Although there are several shapes used for the defects of DGS microstrip lines, dumbbell or spiral shapes are the most common. The spiral DGS microstrip lines have steeper band-rejection characteristics than dumbbell DGS lines, but their band-rejection bandwidth is narrower. Several stage dumbbell DGS lines also have steep and wide band-rejection characteristics, but a larger circuit size is required than for the spiral. Therefore, an asymmetric spiral DGS that has a dual band-rejection characteristic at the specified frequencies is effective for circuit size reduction. Figure 2 shows the geometry of an asymmetric spiral DGS on the ground plane of the microstrip line, in which the dimensions of the spiral-shaped defects in the right- and the left-hand side are different (A = 3 mm, A' = 2.6 mm, B = 2.6 mm, B' = 2.2 mm, C = G = S = 2.2 mm, D = 2.4 mm). The transfer and the reflected characteristics are also shown. The substrate used is RT/duroid 5880 with a dielectric constant of 2.2 and a thickness of 31 mils. The circuit was simulated with HFSS from Ansoft. The asymmetric spiral DGS microstrip line is designed for the IMT-2000 base station transmitting band, and the transfer characteristic around the second and third harmonic bands is suppressed. A harmonic termination 3 dB branch line hybrid coupler, using asymmetric DGS microstrip lines, was simulated and fabricated. The fabricated hybrid is of a slightly smaller size than the conventional hybrid because of the slow-wave effect of the DGS microstrip lines. In a conventional 3 dB branch hybrid, the length and width of the 35.35 and 50 ? lines are 26.8, 3.9 and 26.4, 2.4 mm, respectively, but those of the proposed hybrid are 19.6, 5 and 25.6, 2.4 mm, respectively. Figure 3 shows the geometry of the proposed branch line coupler where the center frequency is 2.14 GHz. The coupling and the transmit coefficient of the 3 dB hybrid are –3.1 and –3.4 dB, respectively. Also shown is the transfer characteristic in the case when the open stubs at the coupled and through ports have the same electrical length. For comparison, the transfer characteristics of the conventional 3 dB hybrid are also shown. The transfer losses for the proposed hybrid, within the operating band and at the second and third harmonics, are –0.3, –15.5 and –28.9 dB, respectively. The measured results in the operating band and at the second harmonic show very similar characteristics to the conventional hybrid. But the characteristics at the third harmonic are quite different. It is definitely observed that the second and third harmonics cannot pass in the proposed harmonic termination 3 dB branch line hybrid.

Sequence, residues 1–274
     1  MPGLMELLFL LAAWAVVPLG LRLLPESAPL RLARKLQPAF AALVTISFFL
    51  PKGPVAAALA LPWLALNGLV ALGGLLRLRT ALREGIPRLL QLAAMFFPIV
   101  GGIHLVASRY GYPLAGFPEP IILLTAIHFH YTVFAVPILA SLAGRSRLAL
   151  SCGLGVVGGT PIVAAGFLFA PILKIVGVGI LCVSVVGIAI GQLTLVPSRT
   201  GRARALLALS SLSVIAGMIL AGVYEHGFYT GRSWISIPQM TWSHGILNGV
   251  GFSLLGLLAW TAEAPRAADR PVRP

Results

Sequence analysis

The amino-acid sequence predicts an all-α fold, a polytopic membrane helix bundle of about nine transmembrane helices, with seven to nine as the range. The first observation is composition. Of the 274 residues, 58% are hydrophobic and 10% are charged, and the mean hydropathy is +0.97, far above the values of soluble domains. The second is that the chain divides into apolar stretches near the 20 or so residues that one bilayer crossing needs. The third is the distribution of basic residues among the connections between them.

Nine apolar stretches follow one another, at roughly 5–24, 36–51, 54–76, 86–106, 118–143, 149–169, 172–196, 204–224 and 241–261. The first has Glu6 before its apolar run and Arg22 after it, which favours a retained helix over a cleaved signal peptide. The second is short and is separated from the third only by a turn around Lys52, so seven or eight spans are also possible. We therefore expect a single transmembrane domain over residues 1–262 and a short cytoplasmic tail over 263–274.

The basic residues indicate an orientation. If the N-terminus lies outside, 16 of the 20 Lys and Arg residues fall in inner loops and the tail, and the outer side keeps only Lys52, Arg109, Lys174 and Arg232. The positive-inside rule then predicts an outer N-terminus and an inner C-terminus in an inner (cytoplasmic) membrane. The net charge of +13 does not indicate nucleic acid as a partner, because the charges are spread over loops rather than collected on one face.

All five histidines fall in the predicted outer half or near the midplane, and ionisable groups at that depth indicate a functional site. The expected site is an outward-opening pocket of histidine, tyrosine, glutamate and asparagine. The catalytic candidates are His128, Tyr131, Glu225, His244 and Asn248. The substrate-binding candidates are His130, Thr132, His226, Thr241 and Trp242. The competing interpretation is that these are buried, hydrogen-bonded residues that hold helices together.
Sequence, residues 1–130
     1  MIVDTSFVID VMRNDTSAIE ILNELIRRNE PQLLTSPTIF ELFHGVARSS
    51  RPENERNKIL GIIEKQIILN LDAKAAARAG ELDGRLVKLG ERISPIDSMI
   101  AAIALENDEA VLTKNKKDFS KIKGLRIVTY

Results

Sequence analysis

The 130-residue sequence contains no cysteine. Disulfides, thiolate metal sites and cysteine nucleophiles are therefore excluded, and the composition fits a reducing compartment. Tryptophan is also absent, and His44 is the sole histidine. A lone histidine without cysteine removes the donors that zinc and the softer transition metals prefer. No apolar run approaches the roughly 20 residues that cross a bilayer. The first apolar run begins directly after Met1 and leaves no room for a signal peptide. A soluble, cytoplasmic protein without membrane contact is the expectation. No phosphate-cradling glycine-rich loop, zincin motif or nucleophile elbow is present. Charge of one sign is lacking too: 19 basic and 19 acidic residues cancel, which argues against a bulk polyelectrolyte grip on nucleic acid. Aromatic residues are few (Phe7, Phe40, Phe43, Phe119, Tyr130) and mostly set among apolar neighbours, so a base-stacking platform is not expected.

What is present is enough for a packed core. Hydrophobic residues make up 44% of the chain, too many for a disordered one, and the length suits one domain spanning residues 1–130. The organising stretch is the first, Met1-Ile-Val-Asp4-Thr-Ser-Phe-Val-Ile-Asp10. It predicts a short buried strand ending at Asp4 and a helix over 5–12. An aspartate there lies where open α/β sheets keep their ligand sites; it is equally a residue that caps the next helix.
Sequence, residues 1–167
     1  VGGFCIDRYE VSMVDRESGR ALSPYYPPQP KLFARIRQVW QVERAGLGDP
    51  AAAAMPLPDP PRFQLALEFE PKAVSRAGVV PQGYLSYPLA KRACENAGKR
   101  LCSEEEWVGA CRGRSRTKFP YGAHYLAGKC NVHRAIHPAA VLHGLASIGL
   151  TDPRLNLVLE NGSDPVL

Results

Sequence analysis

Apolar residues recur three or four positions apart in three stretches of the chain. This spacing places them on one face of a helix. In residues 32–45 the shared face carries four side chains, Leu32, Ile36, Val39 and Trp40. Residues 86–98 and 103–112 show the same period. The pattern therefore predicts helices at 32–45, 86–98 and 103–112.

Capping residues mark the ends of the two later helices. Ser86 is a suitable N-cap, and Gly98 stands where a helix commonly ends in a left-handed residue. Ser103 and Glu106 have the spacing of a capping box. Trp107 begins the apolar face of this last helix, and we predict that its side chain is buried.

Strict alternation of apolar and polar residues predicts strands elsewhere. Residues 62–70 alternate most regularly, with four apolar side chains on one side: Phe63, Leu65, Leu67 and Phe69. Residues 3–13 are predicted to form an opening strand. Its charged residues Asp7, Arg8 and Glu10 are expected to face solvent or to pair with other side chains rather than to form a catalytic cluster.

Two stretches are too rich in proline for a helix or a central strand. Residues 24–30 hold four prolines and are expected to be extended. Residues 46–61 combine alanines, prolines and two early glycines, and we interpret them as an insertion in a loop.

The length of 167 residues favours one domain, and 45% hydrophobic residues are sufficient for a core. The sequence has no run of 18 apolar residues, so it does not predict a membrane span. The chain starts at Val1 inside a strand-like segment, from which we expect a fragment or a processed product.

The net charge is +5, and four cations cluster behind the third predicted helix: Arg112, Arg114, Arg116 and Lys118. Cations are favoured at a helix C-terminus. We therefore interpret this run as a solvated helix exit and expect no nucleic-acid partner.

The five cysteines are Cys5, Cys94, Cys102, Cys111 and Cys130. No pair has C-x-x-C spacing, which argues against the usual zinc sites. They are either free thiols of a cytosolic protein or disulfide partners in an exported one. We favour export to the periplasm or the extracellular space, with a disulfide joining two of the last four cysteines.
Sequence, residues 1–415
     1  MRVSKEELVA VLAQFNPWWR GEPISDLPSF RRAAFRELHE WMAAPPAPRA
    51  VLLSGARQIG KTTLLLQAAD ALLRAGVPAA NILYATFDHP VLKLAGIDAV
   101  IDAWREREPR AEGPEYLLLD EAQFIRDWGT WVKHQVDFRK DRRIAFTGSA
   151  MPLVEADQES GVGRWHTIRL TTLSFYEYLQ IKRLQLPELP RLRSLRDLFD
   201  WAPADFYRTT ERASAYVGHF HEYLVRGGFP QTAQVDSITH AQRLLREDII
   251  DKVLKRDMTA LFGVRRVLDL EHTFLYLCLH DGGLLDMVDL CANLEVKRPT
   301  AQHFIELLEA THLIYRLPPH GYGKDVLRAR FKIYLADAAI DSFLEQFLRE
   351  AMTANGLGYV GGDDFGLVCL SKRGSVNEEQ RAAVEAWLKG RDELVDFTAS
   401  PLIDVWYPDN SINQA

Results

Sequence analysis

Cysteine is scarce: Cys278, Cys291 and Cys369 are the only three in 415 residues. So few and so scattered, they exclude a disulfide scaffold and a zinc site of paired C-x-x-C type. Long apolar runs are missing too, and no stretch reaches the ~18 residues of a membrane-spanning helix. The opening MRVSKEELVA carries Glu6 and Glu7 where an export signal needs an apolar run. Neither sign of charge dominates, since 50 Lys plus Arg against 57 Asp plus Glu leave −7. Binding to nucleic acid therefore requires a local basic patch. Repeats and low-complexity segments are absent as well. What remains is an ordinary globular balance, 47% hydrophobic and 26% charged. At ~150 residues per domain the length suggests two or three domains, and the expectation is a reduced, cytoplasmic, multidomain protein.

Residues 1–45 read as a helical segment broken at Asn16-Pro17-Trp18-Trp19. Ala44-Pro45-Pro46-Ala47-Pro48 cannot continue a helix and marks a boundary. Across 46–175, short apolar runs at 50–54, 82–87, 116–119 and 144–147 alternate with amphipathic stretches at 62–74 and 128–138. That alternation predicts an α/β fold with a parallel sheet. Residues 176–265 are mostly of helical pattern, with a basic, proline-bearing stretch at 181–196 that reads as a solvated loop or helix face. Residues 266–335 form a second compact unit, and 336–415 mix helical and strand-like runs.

Harmonic Blocking Bias Circuit
Small-signal amplifiers in the UHF band usually use chip inductors as RF chokes in their bias circuits. However, ?/4 long, high impedance transmission lines terminated with chip capacitors or radial stubs are usually used as bias lines at higher frequencies. When a capacitively terminated ?/4 bias line is connected to a signal line, even harmonic components that propagate on the signal line are blocked, while odd harmonic components pass through. In the signal amplifying process, an amplifier generates harmonics and intermodulation distortion components in addition to the amplified input signal. A proper harmonic termination is required to increase the efficiency and for active load-pull setup.
Figure 4 shows the layout of a harmonic blocking ?/4 bias line. Instead of a conventional microstrip line, a ?/4 DGS microstrip line is used. Due to the slow-wave effect of the DGS, the second passband is shifted down. As a result, the third harmonic of the amplifier can be reflected at the bias line junction point. A bypass LC series resonating circuit is also inserted in the bias pad of the ?/4 bias line, in addition to the bypass capacitor.10 This LC tank makes the low frequency blocking range broader. The transfer characteristics of the conventional and the proposed bias line are also shown for the low frequency band. The low frequency band-rejection of the proposed bias line is shifted down, so that low intermodulation components can be reduced compared to the conventional bias line. The transfer characteristics of the conventional and the proposed bias line in the operating and harmonic bands are also shown in the figure. The operating and second harmonic frequency characteristics are almost similar to that of the conventional bias line, but the third harmonic band is shift down, so that the second and third harmonics are blocked by the proposed bias line.